Tuesday, May 19, 2015

Rain, Rain, Go to California, Or Two Posts in One

It's been raining a lot in Salt Lake City. Here are the two thoughts that keep running through my mind:
  1. I wish I could send all this rain to California!
  2. Wow, Utahns stink at driving in the rain!
Let's explore these points in finer detail:
  1. I've experienced droughts in multiple states, but living with drought in California was a whole new ballgame. Driving north through the Central Valley on my way to the South Bay and then driving to Sacramento a few times while I lived in California was so eye-opening. For miles and miles, all you can see are fields of leafy greens and strawberries or almond orchards and peach trees forever and ever. There's even more than that, of course. There are avocados and apples and grapes and oranges and cherries and broccoli and artichokes and on and on and on. California, I learned, grows most of the produce in the United States.* It's incredible! (Seriously, it's absolutely incredible and astonishing. Read that link now. Do it now. You'll never think of California the same again.)

    So a drought in California is a drought that Americans everywhere should be concerned about. It's something I'm concerned about. I was grateful for rain before and loved how beautiful it made Georgia trees and kudzu look, but I'm grateful for it in a different way now, after having lived in California. And if that's the only thing I learned while I lived there (it's not), then going was well worth it.

  2. Utahns, other Westerners, and Midwesterners constantly laugh at the Southern states for shutting down when it snows or when there is a threat of snow. And it's true; they do. Schools close, grocery stores get cleaned out of bread and milk, and companies allow their employees to work from home. Why? The simple answer is that Southerners don't know how to drive in snow. That's not the whole truth, though. The whole truth is that Southern roads aren't built for snow. And why should they be? It rarely snows in the South!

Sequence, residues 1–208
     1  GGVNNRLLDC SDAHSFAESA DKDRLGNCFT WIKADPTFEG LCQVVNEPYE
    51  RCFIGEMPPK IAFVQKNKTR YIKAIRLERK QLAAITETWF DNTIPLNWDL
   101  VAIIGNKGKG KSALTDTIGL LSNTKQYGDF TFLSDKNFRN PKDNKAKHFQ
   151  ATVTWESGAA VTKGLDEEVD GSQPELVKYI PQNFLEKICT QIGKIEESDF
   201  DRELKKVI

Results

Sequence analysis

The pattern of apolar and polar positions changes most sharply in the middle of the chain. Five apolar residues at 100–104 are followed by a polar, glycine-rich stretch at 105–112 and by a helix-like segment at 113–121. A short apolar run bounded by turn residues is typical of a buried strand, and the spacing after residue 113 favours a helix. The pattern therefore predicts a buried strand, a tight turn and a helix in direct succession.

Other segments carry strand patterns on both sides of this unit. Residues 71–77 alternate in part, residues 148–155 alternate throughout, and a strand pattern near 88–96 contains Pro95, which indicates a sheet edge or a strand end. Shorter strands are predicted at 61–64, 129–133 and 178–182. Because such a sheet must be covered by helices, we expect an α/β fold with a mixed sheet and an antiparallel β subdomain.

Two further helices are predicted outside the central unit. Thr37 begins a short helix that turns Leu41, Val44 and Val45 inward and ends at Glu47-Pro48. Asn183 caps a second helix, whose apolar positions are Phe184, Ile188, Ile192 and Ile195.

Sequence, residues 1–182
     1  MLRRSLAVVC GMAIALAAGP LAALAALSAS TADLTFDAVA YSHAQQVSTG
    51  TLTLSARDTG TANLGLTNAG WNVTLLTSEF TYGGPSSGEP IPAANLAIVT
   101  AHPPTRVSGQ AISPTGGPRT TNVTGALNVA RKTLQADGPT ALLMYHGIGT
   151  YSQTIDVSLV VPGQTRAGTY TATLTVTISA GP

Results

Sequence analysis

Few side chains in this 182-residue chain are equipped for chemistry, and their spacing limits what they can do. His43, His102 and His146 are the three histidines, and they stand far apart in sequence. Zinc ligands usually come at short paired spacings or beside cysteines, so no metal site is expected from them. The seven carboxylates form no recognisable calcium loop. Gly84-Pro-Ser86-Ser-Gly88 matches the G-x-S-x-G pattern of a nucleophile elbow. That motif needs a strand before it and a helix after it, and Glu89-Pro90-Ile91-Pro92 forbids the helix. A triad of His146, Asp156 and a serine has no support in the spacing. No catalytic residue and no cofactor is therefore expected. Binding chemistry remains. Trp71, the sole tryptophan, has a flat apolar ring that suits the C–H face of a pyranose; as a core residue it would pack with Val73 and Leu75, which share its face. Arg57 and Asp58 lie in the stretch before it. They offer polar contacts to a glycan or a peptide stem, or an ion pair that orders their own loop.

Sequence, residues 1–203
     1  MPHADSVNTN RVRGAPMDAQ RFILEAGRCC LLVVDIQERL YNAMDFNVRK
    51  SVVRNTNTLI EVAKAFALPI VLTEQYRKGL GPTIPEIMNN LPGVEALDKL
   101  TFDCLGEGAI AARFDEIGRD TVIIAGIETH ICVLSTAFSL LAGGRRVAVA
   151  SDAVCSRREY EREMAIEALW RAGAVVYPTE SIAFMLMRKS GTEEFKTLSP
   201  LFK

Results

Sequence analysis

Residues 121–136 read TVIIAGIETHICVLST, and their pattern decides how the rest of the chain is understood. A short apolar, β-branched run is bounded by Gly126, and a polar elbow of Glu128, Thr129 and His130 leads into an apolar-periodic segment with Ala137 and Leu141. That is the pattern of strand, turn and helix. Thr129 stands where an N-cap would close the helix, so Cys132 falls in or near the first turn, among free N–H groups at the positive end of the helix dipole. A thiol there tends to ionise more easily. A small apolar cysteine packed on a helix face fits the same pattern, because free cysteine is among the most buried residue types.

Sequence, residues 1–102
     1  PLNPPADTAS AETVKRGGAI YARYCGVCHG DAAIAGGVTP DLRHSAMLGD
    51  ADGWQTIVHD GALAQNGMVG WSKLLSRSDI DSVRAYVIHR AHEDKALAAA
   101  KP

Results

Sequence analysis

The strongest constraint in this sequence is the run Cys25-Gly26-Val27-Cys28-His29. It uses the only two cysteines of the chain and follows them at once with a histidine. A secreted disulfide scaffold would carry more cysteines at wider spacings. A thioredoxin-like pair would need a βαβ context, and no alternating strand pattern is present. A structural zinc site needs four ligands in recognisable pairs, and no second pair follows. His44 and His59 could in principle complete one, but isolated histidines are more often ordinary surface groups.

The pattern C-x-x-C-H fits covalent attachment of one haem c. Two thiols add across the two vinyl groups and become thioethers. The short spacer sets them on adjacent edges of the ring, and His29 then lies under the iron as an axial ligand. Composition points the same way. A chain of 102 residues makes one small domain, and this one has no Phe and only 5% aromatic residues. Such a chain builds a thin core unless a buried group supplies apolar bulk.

You know what the weather does do in the South, though? It rains! It rains and rains and rains. In fact, the South gets more rainfall than any other region of the country. Utah, on the other hand is typically as dry as a bone. When it rains, drivers move at a snail's pace. In other words, Westerners (well, Utahns, in my experience) don't know how to drive in rain. And yet, that's also not the whole truth. The whole truth is that Utah roads don't get the help they need from regular soaking rains. Huge puddles of water accumulate on the uneven surfaces of the Interstate and other roads; that's a rare occurrence in the South.

    So Utahns, do me a favor and quit making fun of your Southern countrymen; remember, you have a driving weak spot, too.

*In the 90s, there was some nonsense about California eventually "falling" into the ocean. Let's all hope and pray that that idea is as absurd as it sounds because I want my fruits and vegetables and almonds, dangit!


Thing I'm thankful for: the rabbit hole that is this blog post. I love hyperlinks. :)

3 Comments: